Cone 6 mugs made from Plainsman M350 (left) and M390 dark burning cone 6 bodies. The outside glaze is Alberta-Slip-based GA6-C rutile blue and the inside is GA6-A base (20% frit 3134 and 80% Alberta Slip). That inside glaze is normally glossy transparent amber, but crystallizes to a stunning silky matte when fired using the C6DHSC schedule.

Monday 8th April 2019

Contact Us:

Use the contact pages within or outside your account at Insight-Live.com


Test, Document, Learn, Repeat in your account at insight-live.com

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Chemistry plus physics. The on-line successor to desktop Insight. Get an account for as little as $15. It does so much more.

Conquer the Glaze Dragon With Digitalfire Reference info and software

Still available for Mac, PC, Linux

Interactive glaze chemistry calculations (legacy, no longer supported)


What people have said about digitalfire

• I have found the glaze information on your site really helpful for quite some time now. I like the way that there is an emphasis on problem solving and understanding how things work, rather than just offering recipes that might work.

• I am very much appreciative of the work you are doing.

• Firstly, I want to thank you about this very good site in the net which helps very much in the development of the ceramics industry.

• LOVE your site! You have saved me a whole lot of work and research time with your materials data base and comments. I haven't gotten to explore your software yet because I'm in the middle of resolving another mess involving raw materials from a certain large company with sloppy production. We are a small company that is developing a low expansion, thermal shock resistant porcelain for industrial use ... Between our acquired data and some clues contained in your comments we were able to pin point the problem.

• I have been a teacher of ceramics for twenty years and have always been annoyed with what you call traveling glazes. Tom's Blue, Randy's Red, etc. have been taken from who knows where, are out of context and without history or understanding as you point out.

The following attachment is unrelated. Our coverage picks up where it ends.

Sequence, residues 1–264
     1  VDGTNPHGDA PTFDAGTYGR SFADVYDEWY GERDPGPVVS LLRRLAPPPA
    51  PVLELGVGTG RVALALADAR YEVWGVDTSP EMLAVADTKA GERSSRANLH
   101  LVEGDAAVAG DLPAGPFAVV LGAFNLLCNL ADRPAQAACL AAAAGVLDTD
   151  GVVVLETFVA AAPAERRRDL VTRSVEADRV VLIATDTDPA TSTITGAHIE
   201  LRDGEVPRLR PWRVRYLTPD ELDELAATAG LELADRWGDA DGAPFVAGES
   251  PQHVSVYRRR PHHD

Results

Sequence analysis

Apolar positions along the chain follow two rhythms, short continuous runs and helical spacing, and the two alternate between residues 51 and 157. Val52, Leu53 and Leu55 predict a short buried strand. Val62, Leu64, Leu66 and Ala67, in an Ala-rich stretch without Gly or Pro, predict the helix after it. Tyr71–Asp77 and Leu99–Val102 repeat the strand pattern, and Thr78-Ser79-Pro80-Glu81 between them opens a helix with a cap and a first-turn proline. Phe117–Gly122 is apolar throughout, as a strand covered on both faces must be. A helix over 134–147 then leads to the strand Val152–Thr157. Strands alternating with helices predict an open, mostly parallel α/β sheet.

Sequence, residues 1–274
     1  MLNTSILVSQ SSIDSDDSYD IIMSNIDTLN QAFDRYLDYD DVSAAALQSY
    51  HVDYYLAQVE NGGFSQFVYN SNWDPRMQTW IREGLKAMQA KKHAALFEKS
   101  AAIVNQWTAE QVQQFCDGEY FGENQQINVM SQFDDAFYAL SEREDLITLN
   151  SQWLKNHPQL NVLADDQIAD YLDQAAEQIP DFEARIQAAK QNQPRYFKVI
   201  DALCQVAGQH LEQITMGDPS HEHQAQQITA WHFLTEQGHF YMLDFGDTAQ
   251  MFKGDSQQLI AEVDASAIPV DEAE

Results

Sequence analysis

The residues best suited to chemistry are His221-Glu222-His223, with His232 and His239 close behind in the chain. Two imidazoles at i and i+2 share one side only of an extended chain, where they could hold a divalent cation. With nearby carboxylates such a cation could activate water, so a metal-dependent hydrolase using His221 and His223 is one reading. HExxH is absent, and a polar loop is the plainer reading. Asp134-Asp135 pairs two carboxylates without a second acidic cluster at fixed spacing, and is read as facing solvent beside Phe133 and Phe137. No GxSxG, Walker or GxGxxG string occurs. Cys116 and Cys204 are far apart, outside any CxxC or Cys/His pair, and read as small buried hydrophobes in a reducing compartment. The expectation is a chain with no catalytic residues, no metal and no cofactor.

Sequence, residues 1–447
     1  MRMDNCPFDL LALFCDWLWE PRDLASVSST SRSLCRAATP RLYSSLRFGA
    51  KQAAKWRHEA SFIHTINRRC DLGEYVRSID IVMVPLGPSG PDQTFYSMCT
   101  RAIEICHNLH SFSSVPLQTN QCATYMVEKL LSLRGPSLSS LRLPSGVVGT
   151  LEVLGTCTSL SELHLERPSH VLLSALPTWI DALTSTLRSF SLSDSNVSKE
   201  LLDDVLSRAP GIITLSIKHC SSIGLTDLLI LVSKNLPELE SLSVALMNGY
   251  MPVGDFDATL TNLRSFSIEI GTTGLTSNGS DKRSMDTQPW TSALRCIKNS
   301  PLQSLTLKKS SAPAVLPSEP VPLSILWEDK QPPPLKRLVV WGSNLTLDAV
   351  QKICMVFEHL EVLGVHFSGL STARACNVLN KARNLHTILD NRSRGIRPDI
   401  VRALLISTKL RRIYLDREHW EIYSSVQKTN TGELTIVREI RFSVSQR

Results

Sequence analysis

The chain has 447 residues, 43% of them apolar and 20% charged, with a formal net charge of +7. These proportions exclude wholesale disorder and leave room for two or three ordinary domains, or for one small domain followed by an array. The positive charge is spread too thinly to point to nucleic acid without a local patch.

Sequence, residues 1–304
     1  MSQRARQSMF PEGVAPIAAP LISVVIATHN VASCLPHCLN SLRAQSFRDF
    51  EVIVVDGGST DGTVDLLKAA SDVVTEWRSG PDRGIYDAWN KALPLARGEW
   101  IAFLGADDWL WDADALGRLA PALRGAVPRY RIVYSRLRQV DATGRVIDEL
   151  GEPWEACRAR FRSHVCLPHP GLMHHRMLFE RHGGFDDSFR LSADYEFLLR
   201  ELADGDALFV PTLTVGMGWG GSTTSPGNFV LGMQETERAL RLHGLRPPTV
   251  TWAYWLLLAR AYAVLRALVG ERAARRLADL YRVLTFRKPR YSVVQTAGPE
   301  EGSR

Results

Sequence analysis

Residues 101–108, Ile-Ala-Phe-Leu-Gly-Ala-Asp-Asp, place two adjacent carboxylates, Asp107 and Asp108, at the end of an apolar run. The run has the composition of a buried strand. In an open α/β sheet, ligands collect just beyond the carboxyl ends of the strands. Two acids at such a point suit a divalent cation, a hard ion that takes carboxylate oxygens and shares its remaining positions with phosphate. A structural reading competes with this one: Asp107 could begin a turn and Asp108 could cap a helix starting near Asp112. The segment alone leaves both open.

• Honestly I do not see how you have time to experiment, test, etc. and disseminate the massive amount of knowledge you have.

• Your glaze expertise is the piece of the clay puzzle that I need to relax and enjoy this artistic journey.


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What people have said about Insight-Live

• Looking at your website, I have no doubts that there is no other person that would be so dedicated to the subject as you. It is a fact that you have a truly unique knowledge of how things are done, the materials and chemistry being used in such processes. Frankly, I do not complement people and their work easily but you are one of a kind person with some divine dedication to the technology. There are very few people like you and that is a fact. I just spoke with several so-called ceramics, frits and glazes experts and I have to say that they had somewhat limited knowledge while you cover incredibly wide spectrum of all affairs involved in to working with all those great materials.

• When it comes to new technology, I'm still thrilled with the chainsaw as apposed to an ax. I really do like glaze testing. You see a recipe in a book but it doesn't do you a lot of good until you can see it on a tile.

• I join others (I'm sure) in thanking Tony for the incredible resource that is the digital fire library, and for the insight glaze calculation software and now website. Not a week goes by when I don't use all three of them and usually quite extensively.

• Thank you very much for creating these examples and explanations. I am getting a much better understanding for why Frits are so much better. Now that I am digging into InSight-Live and manipulating the chemistry, this documentation is the main place where I can find the facts and suggestions that help clear up my questions. Thank you for creating such a very practical and wonderful upgrade . The interface is so nice and even forgiving. Thank You Very Much,

• Your site is a crucially important one, and I'm happy to help you, even in small ways.

• I just want to say THANK YOU for this incredible database of information. Thank you, thank you, thank you!

• The knowledge and information you share on digital fire is a rare gem on the internet. I greatly appreciate your writing style. To the point and full of facts. I am wanting to be more active in my glaze creation and begin to make my own glazes. This, to me seems like a huge step away from the safe and what I know of the glazes I have been working with.